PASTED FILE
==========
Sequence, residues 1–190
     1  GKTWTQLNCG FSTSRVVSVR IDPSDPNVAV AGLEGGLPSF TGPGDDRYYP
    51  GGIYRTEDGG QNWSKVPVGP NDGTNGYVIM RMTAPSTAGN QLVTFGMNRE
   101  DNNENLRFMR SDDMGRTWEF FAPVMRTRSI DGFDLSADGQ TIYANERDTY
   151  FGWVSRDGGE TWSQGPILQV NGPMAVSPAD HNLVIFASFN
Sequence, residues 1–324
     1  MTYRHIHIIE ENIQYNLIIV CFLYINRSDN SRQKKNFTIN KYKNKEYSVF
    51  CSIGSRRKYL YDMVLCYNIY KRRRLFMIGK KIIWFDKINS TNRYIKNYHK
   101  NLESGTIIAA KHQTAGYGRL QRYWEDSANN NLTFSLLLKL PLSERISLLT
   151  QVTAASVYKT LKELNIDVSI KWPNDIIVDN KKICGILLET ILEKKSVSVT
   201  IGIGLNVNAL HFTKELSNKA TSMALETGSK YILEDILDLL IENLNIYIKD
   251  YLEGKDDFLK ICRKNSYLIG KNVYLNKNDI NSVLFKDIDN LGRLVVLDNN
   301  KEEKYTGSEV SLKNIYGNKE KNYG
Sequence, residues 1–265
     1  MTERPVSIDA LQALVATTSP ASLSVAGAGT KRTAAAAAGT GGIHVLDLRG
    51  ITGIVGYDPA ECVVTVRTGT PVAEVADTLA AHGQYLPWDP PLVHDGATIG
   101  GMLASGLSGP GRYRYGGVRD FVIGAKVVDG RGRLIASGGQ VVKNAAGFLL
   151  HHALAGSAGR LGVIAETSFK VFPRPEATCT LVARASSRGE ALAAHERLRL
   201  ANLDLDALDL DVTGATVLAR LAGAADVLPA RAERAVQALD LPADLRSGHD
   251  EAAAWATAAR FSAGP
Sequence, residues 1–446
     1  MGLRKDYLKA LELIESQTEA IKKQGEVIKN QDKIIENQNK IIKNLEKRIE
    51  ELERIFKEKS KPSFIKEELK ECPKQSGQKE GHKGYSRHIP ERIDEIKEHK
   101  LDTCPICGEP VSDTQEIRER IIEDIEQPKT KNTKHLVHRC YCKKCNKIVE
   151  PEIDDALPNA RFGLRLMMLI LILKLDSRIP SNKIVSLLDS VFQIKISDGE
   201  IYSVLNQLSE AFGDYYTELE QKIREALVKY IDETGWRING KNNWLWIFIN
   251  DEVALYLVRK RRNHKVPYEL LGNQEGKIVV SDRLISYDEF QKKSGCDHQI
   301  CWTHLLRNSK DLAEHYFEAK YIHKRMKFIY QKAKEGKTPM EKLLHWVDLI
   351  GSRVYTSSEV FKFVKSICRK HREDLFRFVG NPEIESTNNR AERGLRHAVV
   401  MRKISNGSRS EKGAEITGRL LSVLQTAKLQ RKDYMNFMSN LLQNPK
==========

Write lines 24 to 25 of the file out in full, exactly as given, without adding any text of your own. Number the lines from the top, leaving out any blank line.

   101  LDTCPICGEP VSDTQEIRER IIEDIEQPKT KNTKHLVHRC YCKKCNKIVE
   151  PEIDDALPNA RFGLRLMMLI LILKLDSRIP SNKIVSLLDS VFQIKISDGE